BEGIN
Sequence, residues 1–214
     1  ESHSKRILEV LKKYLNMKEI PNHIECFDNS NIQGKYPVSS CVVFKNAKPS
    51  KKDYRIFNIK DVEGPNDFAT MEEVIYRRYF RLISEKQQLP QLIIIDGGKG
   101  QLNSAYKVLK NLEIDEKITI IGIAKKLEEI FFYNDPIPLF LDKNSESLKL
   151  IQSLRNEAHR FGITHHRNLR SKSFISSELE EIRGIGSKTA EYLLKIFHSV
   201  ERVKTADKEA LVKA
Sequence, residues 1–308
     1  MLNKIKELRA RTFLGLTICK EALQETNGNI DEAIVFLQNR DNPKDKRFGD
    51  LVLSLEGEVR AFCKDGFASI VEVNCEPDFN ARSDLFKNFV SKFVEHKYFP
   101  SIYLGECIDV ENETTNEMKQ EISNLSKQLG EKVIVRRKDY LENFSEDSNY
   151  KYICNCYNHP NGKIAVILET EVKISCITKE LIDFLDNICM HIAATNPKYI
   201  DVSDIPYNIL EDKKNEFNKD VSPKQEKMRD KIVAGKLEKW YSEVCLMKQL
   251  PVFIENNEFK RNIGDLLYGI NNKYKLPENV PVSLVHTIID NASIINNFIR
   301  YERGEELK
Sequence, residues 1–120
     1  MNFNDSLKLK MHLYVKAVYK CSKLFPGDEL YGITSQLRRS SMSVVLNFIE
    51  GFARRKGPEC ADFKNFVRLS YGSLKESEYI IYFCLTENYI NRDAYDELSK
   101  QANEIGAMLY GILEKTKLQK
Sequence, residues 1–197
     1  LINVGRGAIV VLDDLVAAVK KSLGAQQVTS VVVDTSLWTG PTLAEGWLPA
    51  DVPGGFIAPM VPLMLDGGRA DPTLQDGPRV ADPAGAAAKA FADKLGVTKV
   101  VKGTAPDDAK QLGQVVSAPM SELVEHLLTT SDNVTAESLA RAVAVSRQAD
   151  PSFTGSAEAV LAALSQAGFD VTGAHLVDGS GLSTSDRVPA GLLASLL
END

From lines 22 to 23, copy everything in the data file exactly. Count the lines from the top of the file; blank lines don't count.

   101  VKGTAPDDAK QLGQVVSAPM SELVEHLLTT SDNVTAESLA RAVAVSRQAD
   151  PSFTGSAEAV LAALSQAGFD VTGAHLVDGS GLSTSDRVPA GLLASLL